For programming, please follow the 50 foot rule from CS11 which reads
[…] If you help another student with their programming problems (including debugging), you must not consult your own code while doing so. Specifically, we ask that your own code be at least 50 feet away i.e. not visible to you or the person you are helping while you are helping them. This means that you may work with each other on programming problems but you may not copy others code directly. […] Help them with your brain, not with your code.
You may use resources on the internet, primary literature, or textbooks to help you answer the questions, although you must provide a reference. You may not use previous homework questions or solutions from previous years of this course or other courses like it.
Finally, you must follow the Caltech honor code which states
No member of the Caltech community shall take unfair advantage of any other member of the Caltech community.
We have designed the computational sections to provide you with all of the information you need to complete the problems described in the homework. While you may use any of the code provided in the tutorials verbatim to solve your homework, please do not “copy-and-paste” it directly into your notebook. We will often use different variable names and some hard-coded numbers in the tutorials than you will use in your homework. To make sure you understand what each line of the code is actually doing, you should type it out by hand.
Grading, Attendance, and Electronic Devices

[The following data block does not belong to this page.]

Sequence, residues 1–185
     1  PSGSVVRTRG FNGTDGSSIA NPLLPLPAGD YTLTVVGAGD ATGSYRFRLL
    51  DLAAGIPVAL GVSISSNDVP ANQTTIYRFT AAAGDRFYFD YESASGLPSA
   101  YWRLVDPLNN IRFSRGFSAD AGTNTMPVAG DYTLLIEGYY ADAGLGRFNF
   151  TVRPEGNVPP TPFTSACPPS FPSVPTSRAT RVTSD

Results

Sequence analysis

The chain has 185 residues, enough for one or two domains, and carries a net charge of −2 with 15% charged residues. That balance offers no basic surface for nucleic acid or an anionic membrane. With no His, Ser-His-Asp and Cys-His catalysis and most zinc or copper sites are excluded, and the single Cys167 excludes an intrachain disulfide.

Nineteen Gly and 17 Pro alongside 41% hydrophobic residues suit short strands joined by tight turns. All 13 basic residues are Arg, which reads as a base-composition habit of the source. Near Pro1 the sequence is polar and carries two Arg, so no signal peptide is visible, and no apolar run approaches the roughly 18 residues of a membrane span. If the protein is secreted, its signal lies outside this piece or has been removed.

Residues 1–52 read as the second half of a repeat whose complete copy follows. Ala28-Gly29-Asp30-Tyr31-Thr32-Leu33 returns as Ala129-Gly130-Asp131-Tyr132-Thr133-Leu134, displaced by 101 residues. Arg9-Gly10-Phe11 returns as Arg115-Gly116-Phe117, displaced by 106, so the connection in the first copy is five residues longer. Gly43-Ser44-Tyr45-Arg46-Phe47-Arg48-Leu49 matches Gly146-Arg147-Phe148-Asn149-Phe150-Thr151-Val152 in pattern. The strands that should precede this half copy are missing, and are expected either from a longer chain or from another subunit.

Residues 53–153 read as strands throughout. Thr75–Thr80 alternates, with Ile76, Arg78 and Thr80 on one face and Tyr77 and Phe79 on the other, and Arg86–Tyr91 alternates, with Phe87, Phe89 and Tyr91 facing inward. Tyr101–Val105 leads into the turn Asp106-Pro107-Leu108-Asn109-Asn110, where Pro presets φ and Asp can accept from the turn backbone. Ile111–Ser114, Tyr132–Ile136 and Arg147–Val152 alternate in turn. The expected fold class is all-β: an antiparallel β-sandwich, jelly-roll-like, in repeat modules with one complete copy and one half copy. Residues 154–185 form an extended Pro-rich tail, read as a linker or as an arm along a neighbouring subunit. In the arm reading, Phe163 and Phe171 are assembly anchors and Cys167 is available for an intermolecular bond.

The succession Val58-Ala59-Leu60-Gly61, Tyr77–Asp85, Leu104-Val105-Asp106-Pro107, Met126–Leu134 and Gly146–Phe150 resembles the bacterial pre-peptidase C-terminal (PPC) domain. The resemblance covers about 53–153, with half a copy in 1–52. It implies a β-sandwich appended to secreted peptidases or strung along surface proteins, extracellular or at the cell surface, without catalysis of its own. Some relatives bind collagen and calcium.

There will be no exams, quizzes, reports, or research proposals. The entirety of your grade comes from completing the homework. Late homework submissions (submitted after 1:00 pm on the due date) will not be accepted without penalty. For each day a homework assignment is late, a 10% deduction will be made from the maximum possible score, beginning immediately after the homework is due. This means that if your homework is handed at 2:00 on the day it is due, the maximum possible score is 90%. If a homework is received four days late will maximally earn 50%. Attendance is expected of all students in the class. As a general rule “on time” means that you are sitting in the class room five minutes early.
You may use an electronic device (e.g., tablet, laptop) to take notes during class only if you use it for this purpose. We will ask you to turn off your electronic devices or ask you to leave, if their use is off-topic or distracting to others.
You may contact the course TAs through email at any time, but please do not unnecessarily ‘spam’ them with emails.
The course Piazza can be used for general questions. You may discuss homework and post public questions about problems, topics, or things of general interest to the Bi1 students and course staff. You may also post questions anonymously. The course TAs will monitor this page with regularity and will respond to valid inquiries.
Absences, Extensions, and Ditch Day
No absence or extension on homework will be granted without an adequate and compelling reason. All extensions require a note from a doctor or a dean
In the event that Ditch Day falls on the day that an assignment is due, the deadline will be extended to two calendar days later (i.e., if Ditch Day is on a Thursday when a problem set is due, then the revised due date will be Saturday at 1:00 pm). Any course meetings affected by Ditch Day will be resecheduled and posted on the website home page.